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Fixed-term contracts in East and West Germany: Low wages, poor prospects?

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  • McGinnity, Frances
  • Mertens, Antje
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    Abstract

    Amid lively debate on the consequences of temporary employment, the paper examines the wages and transitions of temporary employees in Germany using socio-economic panel data from the late 1990s. Compared to simple OLS estimates, using a fixed effects model decreases wage differentials between permanent and temporary workers. A two-step instrumental variables estimator leads to insignificant estimates, suggesting that the contract type is an endogenous variable. Moreover, about 1/5 of male temporary employees experience significantly higher 2 and 10 year wage growth than workers on permanent contracts. Using multinomial logistic regression models we find that many temporary workers move into permanent jobs, often with the same employer. For some temporary employment leads to unemployment, particularly those with low human capital. Positioning ourselves between arguments on the positive and negative consequences of temporary employment, we develop the idea of a two-tier labour market for temporary employment in Germany. --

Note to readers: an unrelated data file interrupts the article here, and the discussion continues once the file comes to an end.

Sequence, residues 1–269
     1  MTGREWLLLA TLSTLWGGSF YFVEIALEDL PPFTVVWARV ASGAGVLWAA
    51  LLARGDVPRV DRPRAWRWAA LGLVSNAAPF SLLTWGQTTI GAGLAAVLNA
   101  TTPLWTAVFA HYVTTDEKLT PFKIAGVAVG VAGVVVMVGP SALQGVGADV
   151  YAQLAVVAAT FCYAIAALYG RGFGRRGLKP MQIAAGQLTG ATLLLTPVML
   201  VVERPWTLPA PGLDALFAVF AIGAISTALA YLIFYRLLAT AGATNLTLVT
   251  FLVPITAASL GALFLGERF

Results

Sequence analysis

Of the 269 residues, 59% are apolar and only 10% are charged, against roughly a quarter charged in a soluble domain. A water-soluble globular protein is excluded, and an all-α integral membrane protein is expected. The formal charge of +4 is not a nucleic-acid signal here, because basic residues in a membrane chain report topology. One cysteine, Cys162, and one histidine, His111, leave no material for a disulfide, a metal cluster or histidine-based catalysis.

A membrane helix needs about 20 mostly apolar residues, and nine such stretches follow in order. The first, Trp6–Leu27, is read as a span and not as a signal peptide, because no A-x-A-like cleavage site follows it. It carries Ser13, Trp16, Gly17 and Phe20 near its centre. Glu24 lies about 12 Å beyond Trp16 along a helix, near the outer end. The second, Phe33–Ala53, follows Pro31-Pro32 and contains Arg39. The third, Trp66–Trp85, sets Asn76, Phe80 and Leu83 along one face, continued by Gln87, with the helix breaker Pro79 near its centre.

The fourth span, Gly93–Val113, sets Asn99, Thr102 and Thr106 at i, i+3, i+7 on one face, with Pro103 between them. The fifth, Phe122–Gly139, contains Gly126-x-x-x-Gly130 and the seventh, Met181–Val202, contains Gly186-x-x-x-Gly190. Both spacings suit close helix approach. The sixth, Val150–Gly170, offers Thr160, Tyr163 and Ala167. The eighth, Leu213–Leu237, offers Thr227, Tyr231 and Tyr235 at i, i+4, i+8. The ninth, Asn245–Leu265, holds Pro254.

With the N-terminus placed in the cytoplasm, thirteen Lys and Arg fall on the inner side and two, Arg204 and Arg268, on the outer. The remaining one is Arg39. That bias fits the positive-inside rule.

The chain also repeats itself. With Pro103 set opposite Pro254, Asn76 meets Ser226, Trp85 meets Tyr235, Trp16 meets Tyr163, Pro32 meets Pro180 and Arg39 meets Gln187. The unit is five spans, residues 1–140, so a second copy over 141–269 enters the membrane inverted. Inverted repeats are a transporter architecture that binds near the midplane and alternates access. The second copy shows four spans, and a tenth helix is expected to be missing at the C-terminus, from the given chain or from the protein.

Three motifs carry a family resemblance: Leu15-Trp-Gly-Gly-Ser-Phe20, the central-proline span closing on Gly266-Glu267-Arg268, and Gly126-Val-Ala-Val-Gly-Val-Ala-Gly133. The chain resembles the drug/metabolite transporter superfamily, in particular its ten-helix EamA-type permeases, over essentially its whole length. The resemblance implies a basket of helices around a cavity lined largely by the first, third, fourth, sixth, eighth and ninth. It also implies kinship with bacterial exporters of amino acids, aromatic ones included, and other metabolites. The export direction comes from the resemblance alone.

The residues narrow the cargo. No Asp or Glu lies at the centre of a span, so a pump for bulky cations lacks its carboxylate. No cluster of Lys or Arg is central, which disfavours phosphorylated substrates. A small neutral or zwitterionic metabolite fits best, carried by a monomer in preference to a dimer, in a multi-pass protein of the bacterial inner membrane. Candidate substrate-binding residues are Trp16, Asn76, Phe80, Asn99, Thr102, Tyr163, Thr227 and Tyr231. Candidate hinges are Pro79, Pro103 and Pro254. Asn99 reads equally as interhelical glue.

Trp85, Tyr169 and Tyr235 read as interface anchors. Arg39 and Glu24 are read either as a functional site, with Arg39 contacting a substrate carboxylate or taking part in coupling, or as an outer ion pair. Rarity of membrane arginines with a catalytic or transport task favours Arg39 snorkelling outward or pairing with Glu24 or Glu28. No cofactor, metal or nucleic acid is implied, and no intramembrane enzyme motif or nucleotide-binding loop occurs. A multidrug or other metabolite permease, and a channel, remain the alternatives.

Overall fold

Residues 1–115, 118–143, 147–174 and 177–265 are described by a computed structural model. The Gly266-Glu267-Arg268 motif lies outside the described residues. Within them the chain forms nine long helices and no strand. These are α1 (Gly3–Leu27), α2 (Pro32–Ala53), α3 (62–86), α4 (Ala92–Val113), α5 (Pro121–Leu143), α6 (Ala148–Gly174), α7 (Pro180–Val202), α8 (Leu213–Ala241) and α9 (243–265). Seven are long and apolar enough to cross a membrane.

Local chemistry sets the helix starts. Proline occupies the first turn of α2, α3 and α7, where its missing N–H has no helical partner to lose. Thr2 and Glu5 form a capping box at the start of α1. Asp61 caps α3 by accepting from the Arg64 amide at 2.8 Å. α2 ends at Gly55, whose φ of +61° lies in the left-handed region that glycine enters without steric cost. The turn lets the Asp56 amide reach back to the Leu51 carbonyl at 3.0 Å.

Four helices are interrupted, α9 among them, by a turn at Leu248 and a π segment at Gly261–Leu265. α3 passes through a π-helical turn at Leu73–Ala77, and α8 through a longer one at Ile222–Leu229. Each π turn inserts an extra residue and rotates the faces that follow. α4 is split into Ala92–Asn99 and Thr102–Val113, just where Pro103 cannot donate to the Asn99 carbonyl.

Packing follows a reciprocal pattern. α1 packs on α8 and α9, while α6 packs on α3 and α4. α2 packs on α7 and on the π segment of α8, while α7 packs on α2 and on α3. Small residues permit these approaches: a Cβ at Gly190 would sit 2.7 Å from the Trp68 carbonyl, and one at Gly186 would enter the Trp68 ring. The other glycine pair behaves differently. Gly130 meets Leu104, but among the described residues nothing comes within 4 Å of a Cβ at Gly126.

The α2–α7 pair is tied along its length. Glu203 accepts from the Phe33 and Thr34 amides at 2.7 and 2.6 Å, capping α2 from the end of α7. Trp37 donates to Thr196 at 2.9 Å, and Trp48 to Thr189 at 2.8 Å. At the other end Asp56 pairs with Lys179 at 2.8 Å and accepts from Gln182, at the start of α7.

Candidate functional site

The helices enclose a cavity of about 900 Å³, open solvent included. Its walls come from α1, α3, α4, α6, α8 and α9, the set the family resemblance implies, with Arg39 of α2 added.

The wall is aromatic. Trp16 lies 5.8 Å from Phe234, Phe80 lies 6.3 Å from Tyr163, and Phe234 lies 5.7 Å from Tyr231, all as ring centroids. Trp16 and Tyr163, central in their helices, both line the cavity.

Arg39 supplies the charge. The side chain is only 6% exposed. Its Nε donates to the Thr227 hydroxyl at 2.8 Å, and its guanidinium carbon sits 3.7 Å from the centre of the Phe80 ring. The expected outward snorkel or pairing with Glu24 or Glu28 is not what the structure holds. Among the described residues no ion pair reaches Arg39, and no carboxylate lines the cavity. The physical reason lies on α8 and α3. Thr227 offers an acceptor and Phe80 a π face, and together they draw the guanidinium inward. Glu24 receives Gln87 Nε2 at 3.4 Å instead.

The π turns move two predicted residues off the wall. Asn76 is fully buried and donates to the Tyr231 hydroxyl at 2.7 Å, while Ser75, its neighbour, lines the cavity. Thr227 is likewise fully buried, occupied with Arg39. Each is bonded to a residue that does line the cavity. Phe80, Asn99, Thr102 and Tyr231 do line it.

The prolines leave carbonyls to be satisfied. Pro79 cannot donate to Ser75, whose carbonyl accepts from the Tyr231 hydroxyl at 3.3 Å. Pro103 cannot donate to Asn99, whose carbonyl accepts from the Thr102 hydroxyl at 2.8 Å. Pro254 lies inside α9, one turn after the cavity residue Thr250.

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    Bibliographic Info

    Paper provided by Humboldt University of Berlin, Interdisciplinary Research Project 373: Quantification and Simulation of Economic Processes in its series SFB 373 Discussion Papers with number 2002,72.

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    Date of creation: 2002
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    Handle: RePEc:zbw:sfb373:200272

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    Related research

    Keywords: mobility; unemployment; Fixed-term contracts; dynamic wages;

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    References

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    1. Bertil Holmlund & Donald Storrie, 2002. "Temporary Work in Turbulent Times: The Swedish Experience," CESifo Working Paper Series 671, CESifo Group Munich.
    2. Susan N. Houseman & Katharine G. Abraham, 1994. "Labor Adjustment Under Different Institutional Structures: A Case Study of Germany and the United States," Upjohn Working Papers and Journal Articles 94-26, W.E. Upjohn Institute for Employment Research.
    3. Boeri, Tito, 1999. "Enforcement of employment security regulations, on-the-job search and unemployment duration," European Economic Review, Elsevier, vol. 43(1), pages 65-89, January.
    4. Goux, Dominique & Maurin, Eric & Pauchet, Marianne, 2001. "Fixed-term contracts and the dynamics of labour demand," European Economic Review, Elsevier, vol. 45(3), pages 533-552, March.
    5. Hamermesh, Daniel S & Pfann, Gerard Antonie, 1996. "Adjustment Costs in Factor Demand," CEPR Discussion Papers 1371, C.E.P.R. Discussion Papers.
    6. Juan F. Jimeno & Luis Toharia, 1993. "The effects of fixed-term employment on wages: theory and evidence from Spain," Investigaciones Economicas, Fundación SEPI, vol. 17(3), pages 475-494, September.
    7. María A.Davia & Virginia Hernanz, 2004. "Temporary employment and segmentation in the Spanish labour market: An empirical analysis through the study of wage differentials," Spanish Economic Review, Springer, vol. 6(4), pages 291-318, December.